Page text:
The province is located in the west of Thailand, and is situated 129 km from Bangkok and covers a total area of approximately 19,483 km² being the country’s third largest province after Nakhon Ratchasima and Chiang Mai. Topographically, it is covered with timber and evergreen forests. The district covers the source valleys of the rivers Kwae Yai and Kwae Noi ("River Kwai"), which merge at the city Kanchanaburi and form the Mae Klong River there.
Several National Parks are located in the forests of the mountain area of the province - the Erawan, Sai Yok, Khao Laem, Khaoen Sri Nakarin and Chaloem Rattanakosin National Parks are located in the province. The Thungyai Naresuan Wildlife Sanctuary in this province is also listed in the UNESCO world heritage list.
Read more about this topic: Kanchanaburi Province
Other articles related to "geography":
... According to the United States Census Bureau, the town has a total area of 0.5 square miles (1.3 km²), all of it land. ...
... Historical Geography is the study of the human, physical, fictional, theoretical, and "real" geographies of the past ... Historical geography studies a wide variety of issues and topics ... Subfields include Time geography ...
... According to the United States Census Bureau, the village has a total area of 0.7 square miles (1.7 km²), all of it land. ...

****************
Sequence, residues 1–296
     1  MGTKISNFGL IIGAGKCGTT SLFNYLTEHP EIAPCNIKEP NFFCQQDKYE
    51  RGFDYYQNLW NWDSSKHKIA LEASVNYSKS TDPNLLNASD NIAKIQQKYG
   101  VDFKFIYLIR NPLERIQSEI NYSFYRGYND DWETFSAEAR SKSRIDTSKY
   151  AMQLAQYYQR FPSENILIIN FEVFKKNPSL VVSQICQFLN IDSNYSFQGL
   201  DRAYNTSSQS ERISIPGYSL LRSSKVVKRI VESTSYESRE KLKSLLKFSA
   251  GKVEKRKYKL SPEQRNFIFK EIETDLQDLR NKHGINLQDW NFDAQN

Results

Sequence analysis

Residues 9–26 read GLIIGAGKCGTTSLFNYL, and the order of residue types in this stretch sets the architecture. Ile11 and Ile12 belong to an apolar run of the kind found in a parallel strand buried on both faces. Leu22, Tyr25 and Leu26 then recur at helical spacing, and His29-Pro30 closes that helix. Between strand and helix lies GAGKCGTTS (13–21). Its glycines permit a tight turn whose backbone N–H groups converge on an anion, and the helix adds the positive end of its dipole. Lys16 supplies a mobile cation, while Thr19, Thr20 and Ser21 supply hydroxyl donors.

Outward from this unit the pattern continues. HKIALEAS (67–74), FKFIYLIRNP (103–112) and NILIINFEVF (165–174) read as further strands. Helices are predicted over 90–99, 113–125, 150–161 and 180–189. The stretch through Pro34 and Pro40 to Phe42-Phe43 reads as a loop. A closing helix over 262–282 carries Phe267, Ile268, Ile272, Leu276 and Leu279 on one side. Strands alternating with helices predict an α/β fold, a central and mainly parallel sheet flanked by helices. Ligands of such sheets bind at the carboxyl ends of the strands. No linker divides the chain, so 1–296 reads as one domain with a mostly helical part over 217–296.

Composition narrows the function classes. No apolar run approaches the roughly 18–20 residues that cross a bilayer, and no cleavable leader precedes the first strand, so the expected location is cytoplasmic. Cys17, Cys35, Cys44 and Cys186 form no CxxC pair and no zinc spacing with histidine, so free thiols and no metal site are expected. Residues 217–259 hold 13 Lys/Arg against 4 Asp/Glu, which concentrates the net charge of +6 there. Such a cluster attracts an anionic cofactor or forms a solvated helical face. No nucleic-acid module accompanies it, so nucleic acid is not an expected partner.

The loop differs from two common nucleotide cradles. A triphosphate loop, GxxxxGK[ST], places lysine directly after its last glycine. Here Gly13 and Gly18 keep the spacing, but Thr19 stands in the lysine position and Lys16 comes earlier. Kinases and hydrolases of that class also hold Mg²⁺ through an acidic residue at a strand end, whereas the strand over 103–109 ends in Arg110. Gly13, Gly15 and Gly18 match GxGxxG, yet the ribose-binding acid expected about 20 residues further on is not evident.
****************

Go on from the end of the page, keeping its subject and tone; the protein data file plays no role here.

... In the history of geography, geographers have often recorded and described features of the Earth that might now be considered the remit of human, rather ... It was not until the 18th and 19th centuries, however, that geography was recognised as a formal academic discipline ... England in 1830, although the United Kingdom did not get its first full Chair of geography until 1917 ...
Famous quotes containing the word geography:
“The California fever is not likely to take us off.... There is neither romance nor glory in digging for gold after the manner of the pictures in the geography of diamond washing in Brazil.”
—Rutherford Birchard Hayes (18221893)
“The totality of our so-called knowledge or beliefs, from the most casual matters of geography and history to the profoundest laws of atomic physics or even of pure mathematics and logic, is a man-made fabric which impinges on experience only along the edges. Or, to change the figure, total science is like a field of force whose boundary conditions are experience.”
—Willard Van Orman Quine (b. 1908)
“Ktaadn, near which we were to pass the next day, is said to mean Highest Land. So much geography is there in their names.”
—Henry David Thoreau (18171862)